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The Fuel for the Flames

Dennis Ross

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New York Daily News

November 18, 2012


How forces inside Israel, Gaza, and Egypt are feeding the latest deadly conflagration, and what Washington can do about it.

As I sit here in Jerusalem and watch not just a war of words but also exchanges of rockets and air strikes between Israel and Hamas, it feels as if we are at one of those hinge points in the Middle East. The Arab Awakening has initiated changes without transformation. It has produced new governments, principally Islamist-led, but no certainty about how the region will ultimately evolve.

Will these new governments be driven by their ideological beliefs and aspirations that are inherently anti-western and anti-Israel? Or will they rationalize that long-term Islamist aims can and must wait in order for them to act in a way that will be necessary to improve their economies, lest they lose the legitimacy they may currently have with their publics -- publics that now have an expectation that their needs and hopes should count for something?

Nowhere are these questions more likely to be put to the test than in Egypt today, particularly with the events in Gaza. Hamas is quite literally an outgrowth of the Muslim Brotherhood in Egypt. They are not just sister parties, they are organically linked.

Emotionally, ideologically and even politically, given the mood on the Egyptian street as pictures of Palestinian casualties in Gaza provoke anger, President Mohamed Morsi instinctively supports Hamas.

And, so, without any recognition that Israeli civilians are targeted by Hamas rockets from a territory Israel left completely in 2005, Morsi has condemned the Israeli "aggression" in Gaza and recalled Egypt's ambassador to Israel. He has sent his Prime Minister, Hesham Kandil, to Gaza to express solidarity and strong support.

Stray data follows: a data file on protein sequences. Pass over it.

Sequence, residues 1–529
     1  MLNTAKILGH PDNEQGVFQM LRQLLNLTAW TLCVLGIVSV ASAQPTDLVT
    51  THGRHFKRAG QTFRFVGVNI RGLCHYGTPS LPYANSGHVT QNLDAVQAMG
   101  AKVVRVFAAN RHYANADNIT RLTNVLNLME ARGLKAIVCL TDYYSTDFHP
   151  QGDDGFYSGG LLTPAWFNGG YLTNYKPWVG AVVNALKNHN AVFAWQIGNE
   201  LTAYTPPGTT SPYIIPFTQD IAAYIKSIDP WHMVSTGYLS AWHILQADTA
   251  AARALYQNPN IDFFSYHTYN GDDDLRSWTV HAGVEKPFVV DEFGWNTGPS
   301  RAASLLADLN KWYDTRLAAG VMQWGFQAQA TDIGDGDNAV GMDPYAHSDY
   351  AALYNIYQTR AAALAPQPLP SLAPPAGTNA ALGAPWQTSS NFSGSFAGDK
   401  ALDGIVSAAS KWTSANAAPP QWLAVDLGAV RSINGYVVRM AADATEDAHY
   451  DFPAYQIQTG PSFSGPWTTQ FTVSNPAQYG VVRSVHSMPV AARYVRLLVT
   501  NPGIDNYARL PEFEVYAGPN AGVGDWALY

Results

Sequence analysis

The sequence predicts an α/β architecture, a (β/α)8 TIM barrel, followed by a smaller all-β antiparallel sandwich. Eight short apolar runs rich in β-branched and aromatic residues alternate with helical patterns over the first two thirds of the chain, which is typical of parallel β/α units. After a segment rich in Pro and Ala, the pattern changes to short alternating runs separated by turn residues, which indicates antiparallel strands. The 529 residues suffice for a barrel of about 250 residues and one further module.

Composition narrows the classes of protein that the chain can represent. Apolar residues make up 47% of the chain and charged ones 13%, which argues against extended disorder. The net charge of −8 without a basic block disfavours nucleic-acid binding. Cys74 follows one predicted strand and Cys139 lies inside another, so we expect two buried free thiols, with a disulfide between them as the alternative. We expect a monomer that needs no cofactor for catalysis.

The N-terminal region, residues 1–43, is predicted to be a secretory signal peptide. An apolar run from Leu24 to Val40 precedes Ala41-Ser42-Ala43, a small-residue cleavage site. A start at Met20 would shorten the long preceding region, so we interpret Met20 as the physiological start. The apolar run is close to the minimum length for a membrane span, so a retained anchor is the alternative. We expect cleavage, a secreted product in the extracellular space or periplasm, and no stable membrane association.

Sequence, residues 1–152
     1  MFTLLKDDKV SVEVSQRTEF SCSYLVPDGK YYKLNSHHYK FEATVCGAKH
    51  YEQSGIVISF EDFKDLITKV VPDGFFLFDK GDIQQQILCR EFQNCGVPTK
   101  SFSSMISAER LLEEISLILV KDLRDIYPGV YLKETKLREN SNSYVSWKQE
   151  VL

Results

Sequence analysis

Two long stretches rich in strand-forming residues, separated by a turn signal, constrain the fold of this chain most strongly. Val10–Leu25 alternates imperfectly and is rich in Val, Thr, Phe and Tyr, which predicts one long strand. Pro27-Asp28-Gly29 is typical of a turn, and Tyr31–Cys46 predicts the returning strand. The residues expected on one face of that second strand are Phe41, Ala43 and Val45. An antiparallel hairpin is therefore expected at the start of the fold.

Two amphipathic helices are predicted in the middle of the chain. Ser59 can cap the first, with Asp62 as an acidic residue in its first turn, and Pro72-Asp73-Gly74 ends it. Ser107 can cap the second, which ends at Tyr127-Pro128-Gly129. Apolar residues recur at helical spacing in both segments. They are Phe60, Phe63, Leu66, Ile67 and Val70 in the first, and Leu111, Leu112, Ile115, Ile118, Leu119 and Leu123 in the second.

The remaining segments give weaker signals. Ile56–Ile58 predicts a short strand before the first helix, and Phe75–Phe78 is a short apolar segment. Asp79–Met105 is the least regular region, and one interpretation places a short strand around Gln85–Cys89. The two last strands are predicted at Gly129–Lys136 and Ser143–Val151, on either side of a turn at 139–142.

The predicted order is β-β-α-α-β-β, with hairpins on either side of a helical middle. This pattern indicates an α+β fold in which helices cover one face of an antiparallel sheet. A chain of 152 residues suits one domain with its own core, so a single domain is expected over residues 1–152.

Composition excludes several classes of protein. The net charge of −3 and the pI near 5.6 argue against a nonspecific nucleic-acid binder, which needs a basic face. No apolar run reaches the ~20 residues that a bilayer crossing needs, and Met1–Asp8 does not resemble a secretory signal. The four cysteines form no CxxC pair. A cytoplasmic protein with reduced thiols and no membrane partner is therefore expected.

But he may well have conveyed something else in private, namely: Find a way to bring this to an end; we are not going to war with Israel over you, and if you provoke the Israelis with continuing rocket attacks on Tel Aviv or Jerusalem, you are on your own.

Why might that be his message? Because the last thing Morsi needs is a conflict that drags on and actually leads to Israel feeling it has no choice but to send ground troops into Gaza and root out Hamas in a bloody, prolonged conflict.

Egypt's public would probably demand that he break the peace treaty under such circumstances. But the treaty is not a favor that Egypt does for Israel; it has saved countless Egyptian lives. Leaving aside over $60 billion in U.S. assistance that Egypt received over the years, monies the Muslim Brotherhood may erroneously claim went to Mubarak and not the Egyptian people, it is the treaty that remains the linchpin for making it possible for Egypt to receive essential assistance, loans and investment that it needs to confront its collapsing economy.

Who is going invest in Egypt if there is no peace treaty and in its place is the prospect of conflict and confrontation? Morsi understands that, and that is why, with all his tough rhetoric toward Israel, he is not saying he will revoke the treaty.

But it is one thing for him to recognize that reality, and it may be another to sustain this posture under pressure. Hamas, after all, has acted to provoke Israel, and Israel has decided to draw a line. Realities on the ground may well escalate, and Egypt's new leaders are being tested -- and the U.S., Europeans and even the Saudis and others in the Gulf will need to let Morsi know that he cannot let Hamas dictate Egypt's future.

Let's be clear. Hamas triggered this latest eruption of conflict. In the last two weeks, it loaded a tunnel with a massive amount of explosives and blew it up along the fence with Israel seeking to kill the Israel forces in the vicinity. It fired an anti-tank rocket at an Israeli jeep wounding four Israeli soldiers again on the Israeli side of border.

This followed a pattern of increasing rocket fire from Gaza. Though Islamic Jihad, the Popular Resistance Committee and Salafis may have been responsible for most of the rocket fire coming out of Gaza during the course of this year, Hamas in the last weeks was doing far less to prevent it, and suddenly it began to assume responsibility for the attacks.